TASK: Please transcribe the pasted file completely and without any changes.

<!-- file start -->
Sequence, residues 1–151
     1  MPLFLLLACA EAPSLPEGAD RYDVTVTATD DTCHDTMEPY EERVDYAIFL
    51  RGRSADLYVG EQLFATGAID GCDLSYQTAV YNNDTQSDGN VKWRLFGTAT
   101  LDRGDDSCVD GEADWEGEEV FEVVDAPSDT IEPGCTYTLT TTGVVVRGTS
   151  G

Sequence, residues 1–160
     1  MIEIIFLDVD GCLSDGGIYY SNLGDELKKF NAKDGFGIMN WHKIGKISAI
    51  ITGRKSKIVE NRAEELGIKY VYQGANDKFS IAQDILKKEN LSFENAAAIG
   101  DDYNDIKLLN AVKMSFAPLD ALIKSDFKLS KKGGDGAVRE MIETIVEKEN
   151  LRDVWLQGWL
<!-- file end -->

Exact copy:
Sequence, residues 1–151
     1  MPLFLLLACA EAPSLPEGAD RYDVTVTATD DTCHDTMEPY EERVDYAIFL
    51  RGRSADLYVG EQLFATGAID GCDLSYQTAV YNNDTQSDGN VKWRLFGTAT
   101  LDRGDDSCVD GEADWEGEEV FEVVDAPSDT IEPGCTYTLT TTGVVVRGTS
   151  G

Sequence, residues 1–160
     1  MIEIIFLDVD GCLSDGGIYY SNLGDELKKF NAKDGFGIMN WHKIGKISAI
    51  ITGRKSKIVE NRAEELGIKY VYQGANDKFS IAQDILKKEN LSFENAAAIG
   101  DDYNDIKLLN AVKMSFAPLD ALIKSDFKLS KKGGDGAVRE MIETIVEKEN
   151  LRDVWLQGWL